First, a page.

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32 Cards in this Set

  • Front
  • Back
Bronsted/Lowry Base
proton acceptor
Bronsted/Lowry Acid
proton donor
changes from reactants to products and products to reactants, but no net change
colligative properties
Properties that depend only on the number (not the identity) of the solute particle.
Heat of Solution
enthalpy change associated with dissolving a solute in a solution
Freezing Point Depression
Kf=-(delta T)/ (m solute)
Heat of Neutralization
The enthalpy change associated with the neutralization of an acid-base reaction.
Beer's Law
A = absorbance
b=pathlenght of light through sample
The ratio of the intensity of emerging light (Ii) to the intensity of incident light (Io)

Light taken in by a sample

A=-log (%transmittance/100)
The study of light interaction with matter
Redox Reaction
the release and uptake of electrons
Reactants change oxidation states
Equivalence Point
the number of moles of base have completely reacted with the number of moles of acid
specific heat capacity
The amount of heat required to raise the temperature of one gram of substance bye one degree celsius
The study of heat flow into and out of a system
First Law of Thermodynamics
The energy of the universe is constant
Method of initial Rates
a method used to study chemical kinetics

is only concerned with initial rates (the average rate of a reaction over the first few seconds or at most few minutes)
Neutralization Reaction
An acid base reaction
Rate Law
algebraic expression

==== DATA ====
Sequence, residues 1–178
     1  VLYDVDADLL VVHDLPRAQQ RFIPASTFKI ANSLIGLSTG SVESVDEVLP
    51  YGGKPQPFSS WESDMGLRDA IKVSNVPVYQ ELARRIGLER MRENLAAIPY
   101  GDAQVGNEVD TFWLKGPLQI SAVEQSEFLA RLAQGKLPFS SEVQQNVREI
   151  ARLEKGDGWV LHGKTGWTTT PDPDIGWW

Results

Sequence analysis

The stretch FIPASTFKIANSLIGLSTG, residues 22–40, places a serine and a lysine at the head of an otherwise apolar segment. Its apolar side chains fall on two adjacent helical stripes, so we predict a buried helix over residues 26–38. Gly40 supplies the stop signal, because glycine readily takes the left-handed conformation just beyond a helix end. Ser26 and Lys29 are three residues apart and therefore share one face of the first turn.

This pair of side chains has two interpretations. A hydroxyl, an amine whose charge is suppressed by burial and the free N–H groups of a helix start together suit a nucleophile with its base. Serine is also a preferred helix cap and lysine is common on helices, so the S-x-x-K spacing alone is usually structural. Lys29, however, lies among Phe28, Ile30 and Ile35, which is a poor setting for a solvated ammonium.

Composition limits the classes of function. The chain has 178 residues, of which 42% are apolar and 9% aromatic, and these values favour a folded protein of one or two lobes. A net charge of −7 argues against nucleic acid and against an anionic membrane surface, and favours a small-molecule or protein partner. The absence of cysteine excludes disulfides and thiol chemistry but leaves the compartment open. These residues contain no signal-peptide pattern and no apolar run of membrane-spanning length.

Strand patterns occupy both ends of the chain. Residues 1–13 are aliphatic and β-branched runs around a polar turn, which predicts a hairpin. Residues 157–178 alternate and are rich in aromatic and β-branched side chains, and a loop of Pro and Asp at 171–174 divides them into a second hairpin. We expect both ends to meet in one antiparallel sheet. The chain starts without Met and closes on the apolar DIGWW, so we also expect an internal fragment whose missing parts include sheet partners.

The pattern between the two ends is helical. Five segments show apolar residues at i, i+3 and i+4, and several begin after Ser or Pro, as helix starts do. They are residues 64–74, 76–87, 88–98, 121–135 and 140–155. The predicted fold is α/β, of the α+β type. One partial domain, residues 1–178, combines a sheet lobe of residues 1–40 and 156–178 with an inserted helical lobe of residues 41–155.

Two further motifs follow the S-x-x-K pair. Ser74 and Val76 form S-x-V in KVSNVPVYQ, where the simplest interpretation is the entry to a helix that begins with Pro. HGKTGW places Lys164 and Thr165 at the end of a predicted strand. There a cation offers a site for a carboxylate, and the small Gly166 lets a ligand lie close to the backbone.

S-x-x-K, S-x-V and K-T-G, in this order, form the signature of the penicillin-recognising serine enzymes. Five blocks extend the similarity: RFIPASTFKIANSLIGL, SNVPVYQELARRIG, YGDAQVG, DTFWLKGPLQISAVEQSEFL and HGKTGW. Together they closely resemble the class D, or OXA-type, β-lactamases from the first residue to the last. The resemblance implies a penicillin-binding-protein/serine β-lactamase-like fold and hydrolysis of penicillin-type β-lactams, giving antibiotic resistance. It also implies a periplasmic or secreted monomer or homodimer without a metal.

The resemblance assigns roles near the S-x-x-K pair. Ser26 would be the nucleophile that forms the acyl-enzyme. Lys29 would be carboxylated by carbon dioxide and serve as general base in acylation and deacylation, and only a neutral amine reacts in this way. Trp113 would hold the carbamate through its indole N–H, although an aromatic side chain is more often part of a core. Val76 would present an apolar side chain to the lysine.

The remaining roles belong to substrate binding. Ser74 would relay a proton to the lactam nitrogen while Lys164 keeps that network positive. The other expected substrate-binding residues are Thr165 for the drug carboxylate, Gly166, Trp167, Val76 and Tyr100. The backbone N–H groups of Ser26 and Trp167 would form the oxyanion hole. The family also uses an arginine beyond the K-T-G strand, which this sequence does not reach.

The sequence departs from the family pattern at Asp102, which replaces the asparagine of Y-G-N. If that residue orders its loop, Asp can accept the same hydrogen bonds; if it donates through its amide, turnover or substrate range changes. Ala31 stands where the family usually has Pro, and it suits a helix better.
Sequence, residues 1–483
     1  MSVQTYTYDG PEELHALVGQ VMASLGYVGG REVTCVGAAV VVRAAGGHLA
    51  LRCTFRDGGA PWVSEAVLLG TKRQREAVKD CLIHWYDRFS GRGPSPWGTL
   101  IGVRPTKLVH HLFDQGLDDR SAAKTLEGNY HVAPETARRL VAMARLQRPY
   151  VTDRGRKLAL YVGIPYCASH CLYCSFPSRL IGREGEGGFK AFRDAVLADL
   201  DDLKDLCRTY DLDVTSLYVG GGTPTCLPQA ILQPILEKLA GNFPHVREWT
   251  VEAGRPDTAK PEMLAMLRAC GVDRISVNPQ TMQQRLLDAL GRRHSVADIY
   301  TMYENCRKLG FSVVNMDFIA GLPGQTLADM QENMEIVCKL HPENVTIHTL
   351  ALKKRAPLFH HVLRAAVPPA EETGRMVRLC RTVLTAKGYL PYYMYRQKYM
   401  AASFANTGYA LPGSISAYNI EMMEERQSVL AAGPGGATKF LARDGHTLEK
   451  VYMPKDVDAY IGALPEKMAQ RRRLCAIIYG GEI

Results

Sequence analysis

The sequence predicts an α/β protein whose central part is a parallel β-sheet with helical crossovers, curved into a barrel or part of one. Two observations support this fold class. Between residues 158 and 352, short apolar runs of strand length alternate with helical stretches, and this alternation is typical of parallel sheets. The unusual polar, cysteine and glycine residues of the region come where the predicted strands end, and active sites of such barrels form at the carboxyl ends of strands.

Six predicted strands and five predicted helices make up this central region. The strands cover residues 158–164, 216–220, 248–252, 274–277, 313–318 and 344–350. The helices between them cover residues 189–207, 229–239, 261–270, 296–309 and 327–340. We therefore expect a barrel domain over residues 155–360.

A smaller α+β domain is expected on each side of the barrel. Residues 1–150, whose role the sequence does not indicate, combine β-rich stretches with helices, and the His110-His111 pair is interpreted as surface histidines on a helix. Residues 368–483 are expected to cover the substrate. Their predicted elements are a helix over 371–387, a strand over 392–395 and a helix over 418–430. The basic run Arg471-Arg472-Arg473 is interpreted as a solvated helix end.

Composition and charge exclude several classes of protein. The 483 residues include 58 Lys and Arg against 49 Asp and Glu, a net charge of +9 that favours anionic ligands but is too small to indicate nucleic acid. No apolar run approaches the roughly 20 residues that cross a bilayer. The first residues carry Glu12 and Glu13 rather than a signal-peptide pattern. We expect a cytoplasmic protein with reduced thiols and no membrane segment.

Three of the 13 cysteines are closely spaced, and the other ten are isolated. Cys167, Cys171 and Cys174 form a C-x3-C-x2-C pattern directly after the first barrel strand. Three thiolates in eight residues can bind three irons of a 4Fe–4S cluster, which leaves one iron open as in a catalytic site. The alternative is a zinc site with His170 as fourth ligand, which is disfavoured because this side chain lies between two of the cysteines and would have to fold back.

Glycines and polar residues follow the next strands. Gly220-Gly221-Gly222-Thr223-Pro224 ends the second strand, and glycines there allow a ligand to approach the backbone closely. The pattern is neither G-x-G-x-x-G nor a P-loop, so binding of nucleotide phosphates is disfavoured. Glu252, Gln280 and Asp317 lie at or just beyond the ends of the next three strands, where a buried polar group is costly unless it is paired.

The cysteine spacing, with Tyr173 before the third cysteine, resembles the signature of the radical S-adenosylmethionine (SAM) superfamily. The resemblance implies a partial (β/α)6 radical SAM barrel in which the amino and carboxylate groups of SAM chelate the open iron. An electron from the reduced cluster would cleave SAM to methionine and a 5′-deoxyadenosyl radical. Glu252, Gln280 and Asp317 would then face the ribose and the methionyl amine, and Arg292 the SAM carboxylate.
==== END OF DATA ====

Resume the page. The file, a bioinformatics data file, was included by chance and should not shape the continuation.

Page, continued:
Relates rates to concentrations

Rate=k[A]ˆm [B]ˆn
Conjugate Acid
The species formed after a proton is added to a base.
Chemical kinetics
determining and studying the rates of chemical reactions
conjugate base
The species formed after an acid loses a proton
Rate of Reaction
expressed in terms of a decrease in any one of the reactants or an increase in any one of the products
end point
when a titration has stopped
hess's law
energy change in a reaction is the same weither it occurs in one step or a series of step wise reactions
an analytical technique

controlled addition of one reactant to another

both reactants are consumed
q=mc delta T
q=heat change (if positive=endothermic)
(if negative=exothermic)
C=specific heat
delta T=change in temperature
Molar Heat Capacity
Specific Heat Capacity x Molar Mass
a gravametric unit (value is set by mass)

moles solute/kg solvent
a gravametric unit (value is set by mass)

(grams x/total mass) x 100
Dulong and Petit's Law
A metal will have a molar heat capacity of about 24.9 J/ (mol x degrees celsius)